"No, no, no," she said, hurriedly. "He could have had nothing to do with that at all."

"Is he in love with you?" again came the question.

There was a pause.

"I've had reason to believe so," she said, finally, "though—"

"And you?"

"The girl's face was flaming now, and, squinting into her eyes, the scientist read the answer.

"I understand," he commented, tersely. "Are you going to be married?"

"I could—could never marry him," she gasped suddenly. "No, no," emphatically. "We are not, ever."

She slowly recovered from her confusion, while the scientist continued to squint at her curiously.

"I believe you said you had some information for me?" he asked.

"Y—yes," she faltered. Then more calmly: "Yes. I came to tell you that the package of ten thousand dollars which you took from Mr. Fraser's pocket has again disappeared."

"Yes," said the other, without astonishment.

"It was presumed at the bank that he had taken it home with him, having regained possession of it in some way, but a careful search has failed to reveal it."

"Yes, and what else?"

The girl took a long breath and gazed steadily into the eyes of the scientist, with determination in her own.

"I have come, too, to tell you," she said, "the name of the man who robbed the bank."


IF Miss Clarke had expected that The Thinking Machine would show either astonishment or enthusiasm, she must have been disappointed, for he neither altered his position nor looked at her. Instead, he was gazing thoughtfully away with lackluster eyes.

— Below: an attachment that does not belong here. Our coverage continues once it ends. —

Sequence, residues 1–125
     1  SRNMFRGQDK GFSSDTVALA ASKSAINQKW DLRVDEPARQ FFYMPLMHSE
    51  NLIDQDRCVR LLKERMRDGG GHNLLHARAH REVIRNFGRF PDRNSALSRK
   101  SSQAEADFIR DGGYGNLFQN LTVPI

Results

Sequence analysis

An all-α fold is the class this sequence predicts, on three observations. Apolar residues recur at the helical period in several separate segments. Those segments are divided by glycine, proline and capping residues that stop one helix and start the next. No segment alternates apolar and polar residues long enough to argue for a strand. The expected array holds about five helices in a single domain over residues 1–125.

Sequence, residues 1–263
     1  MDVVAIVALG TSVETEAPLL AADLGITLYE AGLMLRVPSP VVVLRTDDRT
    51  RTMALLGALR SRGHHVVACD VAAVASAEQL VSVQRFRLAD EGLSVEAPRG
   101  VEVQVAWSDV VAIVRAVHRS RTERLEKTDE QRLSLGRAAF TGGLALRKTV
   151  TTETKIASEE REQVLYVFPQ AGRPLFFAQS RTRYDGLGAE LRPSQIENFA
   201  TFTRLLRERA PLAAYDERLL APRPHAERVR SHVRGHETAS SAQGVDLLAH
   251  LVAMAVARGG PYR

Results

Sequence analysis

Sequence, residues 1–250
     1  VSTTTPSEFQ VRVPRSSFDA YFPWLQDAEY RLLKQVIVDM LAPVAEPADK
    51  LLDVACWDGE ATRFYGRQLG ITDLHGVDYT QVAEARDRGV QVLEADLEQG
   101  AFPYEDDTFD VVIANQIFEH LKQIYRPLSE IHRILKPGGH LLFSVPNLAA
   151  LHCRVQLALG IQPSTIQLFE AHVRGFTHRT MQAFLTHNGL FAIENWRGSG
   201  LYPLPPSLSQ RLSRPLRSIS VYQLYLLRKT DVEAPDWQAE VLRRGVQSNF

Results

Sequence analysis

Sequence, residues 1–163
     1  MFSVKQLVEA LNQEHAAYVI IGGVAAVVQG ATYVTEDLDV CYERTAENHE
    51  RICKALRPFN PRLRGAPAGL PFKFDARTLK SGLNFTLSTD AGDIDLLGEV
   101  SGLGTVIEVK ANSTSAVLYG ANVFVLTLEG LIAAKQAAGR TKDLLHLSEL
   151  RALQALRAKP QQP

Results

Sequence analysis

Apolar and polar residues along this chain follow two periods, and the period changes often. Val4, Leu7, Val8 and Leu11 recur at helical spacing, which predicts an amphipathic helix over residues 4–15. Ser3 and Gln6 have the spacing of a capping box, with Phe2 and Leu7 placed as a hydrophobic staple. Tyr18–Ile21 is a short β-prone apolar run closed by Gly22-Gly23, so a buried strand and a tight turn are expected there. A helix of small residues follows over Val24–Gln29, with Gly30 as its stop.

"Well?" he asked. "I suppose it's a story. Begin at the beginning."

With a certain well-bred air of timidity, the girl began the story; and occasionally as she talked there was a little tremor of the lips.

"I have been a stenographer and typewriter for seven years," she said, "and in that time I have held only four positions. The first was in a law office in New York, where I was left an orphan to earn my own living; the second was with a manufacturing concern, also in New York. I left there three years ago to accept the position of private secretary to William T. Rankin, president of the—National Bank, at Hartford, Connecticut. I came from there to Boston and later went to work at the Ralston Bank, as private secretary to Mr. Fraser. I left the bank in Hartford because of the failure of that concern, following a bank robbery."

The Thinking Machine glanced at her suddenly.

"You may remember from the newspapers—" she began again.

"I never read the newspapers," he said.

"Well, anyway," and there was a shade of impatience at the interruption, "there was a bank burglary there similar to this. Only seventy thousand dollars was stolen, but it was a small institution and the theft precipitated a run which caused a collapse after I had been in that position for only six months."